If the House of Commons Defence Committee is to be believed, Malcolm Rifkind, the Queen's Secretary of State for Defence, is not striving quite so mightily. 'It is evident that, in the event of full-scale war, the Royal Navy would be incapable of defending our sea-routes,' the committee said last week. 'It is our view that this shortcoming poses a serious, and potentially fatal, threat to the long-term security of this country.'
Before reaching this conclusion, the members of the committee had turned detective to establish the real strength of the surface fleet. The main fighting force these days is composed of destroyers and frigates, but how many did Britain actually possess? The Ministry of Defence used to say 'around 50', then 'around 40', now it says 'about 35'. 'Real availability,' the committee found, 'can be stated at present to be between 25 and 30 ships, and in the future between 20 and 25.'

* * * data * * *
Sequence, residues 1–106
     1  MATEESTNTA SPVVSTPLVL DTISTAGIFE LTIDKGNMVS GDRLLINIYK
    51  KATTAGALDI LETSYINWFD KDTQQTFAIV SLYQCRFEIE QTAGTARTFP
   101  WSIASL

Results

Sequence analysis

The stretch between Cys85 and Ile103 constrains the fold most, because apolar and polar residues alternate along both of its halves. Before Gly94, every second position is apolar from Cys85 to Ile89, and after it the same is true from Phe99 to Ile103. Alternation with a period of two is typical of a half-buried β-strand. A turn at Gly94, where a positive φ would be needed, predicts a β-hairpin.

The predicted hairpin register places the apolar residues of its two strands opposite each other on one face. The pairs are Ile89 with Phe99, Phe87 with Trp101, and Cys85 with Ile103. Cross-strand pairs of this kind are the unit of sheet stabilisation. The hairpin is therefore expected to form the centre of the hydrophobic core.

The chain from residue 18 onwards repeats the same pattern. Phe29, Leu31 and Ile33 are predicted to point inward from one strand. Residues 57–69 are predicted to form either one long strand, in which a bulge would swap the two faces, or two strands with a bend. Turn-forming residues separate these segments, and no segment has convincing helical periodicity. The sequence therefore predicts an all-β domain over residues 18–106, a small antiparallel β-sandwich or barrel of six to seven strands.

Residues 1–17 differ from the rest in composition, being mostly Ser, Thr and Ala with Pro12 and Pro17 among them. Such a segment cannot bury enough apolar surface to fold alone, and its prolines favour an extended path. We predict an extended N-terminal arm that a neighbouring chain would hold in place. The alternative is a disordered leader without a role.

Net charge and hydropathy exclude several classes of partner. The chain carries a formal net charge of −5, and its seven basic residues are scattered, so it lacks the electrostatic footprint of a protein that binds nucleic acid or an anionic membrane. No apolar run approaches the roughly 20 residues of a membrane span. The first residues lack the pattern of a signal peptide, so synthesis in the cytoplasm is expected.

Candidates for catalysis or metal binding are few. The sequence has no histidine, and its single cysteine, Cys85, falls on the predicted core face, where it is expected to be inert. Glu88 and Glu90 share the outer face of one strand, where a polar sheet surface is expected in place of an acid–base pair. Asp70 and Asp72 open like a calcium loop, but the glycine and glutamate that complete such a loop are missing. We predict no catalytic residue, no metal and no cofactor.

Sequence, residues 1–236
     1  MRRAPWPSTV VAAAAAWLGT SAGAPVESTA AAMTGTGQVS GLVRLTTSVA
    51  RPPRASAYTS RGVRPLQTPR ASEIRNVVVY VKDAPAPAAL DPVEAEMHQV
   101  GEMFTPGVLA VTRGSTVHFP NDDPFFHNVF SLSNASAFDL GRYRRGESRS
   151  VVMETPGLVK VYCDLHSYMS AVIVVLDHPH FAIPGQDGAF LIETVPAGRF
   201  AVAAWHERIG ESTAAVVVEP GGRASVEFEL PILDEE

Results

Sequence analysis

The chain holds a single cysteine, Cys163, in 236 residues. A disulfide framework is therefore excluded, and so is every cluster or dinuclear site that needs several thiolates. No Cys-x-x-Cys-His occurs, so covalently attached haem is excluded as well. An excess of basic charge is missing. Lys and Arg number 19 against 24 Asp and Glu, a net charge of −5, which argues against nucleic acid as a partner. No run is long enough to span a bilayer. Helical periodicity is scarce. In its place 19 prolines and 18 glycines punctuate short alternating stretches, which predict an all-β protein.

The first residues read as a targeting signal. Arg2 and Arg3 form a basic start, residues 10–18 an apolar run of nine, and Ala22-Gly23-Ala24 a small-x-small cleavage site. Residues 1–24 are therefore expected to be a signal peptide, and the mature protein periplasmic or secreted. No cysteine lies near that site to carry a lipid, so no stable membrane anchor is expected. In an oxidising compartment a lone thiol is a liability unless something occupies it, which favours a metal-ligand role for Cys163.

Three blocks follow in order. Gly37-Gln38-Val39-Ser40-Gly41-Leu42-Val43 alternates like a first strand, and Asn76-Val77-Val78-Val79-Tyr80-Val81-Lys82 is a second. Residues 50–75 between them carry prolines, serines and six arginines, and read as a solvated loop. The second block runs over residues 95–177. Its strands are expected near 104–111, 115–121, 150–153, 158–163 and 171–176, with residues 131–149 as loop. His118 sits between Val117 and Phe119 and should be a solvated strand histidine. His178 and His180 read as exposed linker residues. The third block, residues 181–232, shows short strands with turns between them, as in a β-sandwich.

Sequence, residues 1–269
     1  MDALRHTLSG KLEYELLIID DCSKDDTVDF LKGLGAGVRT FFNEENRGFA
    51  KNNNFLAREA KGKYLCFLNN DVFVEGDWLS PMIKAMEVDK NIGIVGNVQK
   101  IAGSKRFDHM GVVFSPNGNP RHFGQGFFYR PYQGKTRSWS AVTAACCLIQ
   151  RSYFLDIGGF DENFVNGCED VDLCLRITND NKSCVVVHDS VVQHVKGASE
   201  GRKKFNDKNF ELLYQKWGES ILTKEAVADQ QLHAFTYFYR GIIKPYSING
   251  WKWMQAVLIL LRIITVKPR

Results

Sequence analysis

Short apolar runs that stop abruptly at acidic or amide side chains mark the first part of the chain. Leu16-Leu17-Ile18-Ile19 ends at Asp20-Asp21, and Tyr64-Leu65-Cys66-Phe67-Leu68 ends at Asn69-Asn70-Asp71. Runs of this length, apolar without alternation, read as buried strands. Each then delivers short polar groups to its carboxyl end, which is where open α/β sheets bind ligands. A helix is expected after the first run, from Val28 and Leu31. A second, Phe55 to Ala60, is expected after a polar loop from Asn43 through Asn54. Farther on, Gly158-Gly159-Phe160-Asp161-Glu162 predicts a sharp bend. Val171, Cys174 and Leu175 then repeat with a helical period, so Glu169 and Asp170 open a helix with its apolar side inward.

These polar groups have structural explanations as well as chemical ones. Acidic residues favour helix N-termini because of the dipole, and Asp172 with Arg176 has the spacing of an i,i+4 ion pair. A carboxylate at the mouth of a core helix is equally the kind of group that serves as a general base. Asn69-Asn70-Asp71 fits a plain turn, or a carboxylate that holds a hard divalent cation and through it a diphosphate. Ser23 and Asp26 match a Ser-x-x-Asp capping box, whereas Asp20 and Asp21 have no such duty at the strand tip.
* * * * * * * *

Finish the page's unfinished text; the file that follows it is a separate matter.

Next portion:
For a century after Trafalgar, Britannia really did rule the waves. When Queen Victoria reviewed the Fleet at Spithead on 17 July 1867, she was inspecting the force that made her country the first global superpower. As recently as 1953, her great-great-granddaughter reviewed a fleet of 44 frigates, 25 destroyers, eight cruisers, seven aircraft carriers and one battleship.
Today the external threat is reduced and for the navy 'there is some easing of the tasking requirements'. A fire sale is under way. Six frigates have been sold to Pakistan. Four brand new submarines, which cost pounds 930m, are to be leased, possibly with their crews, or sold off. A diving support ship which cost pounds 200m was sold for pounds 2m.
The Queen's Golden Jubilee, 10 years off, will be the occasion for another Spithead Review. She should set aside half an hour.
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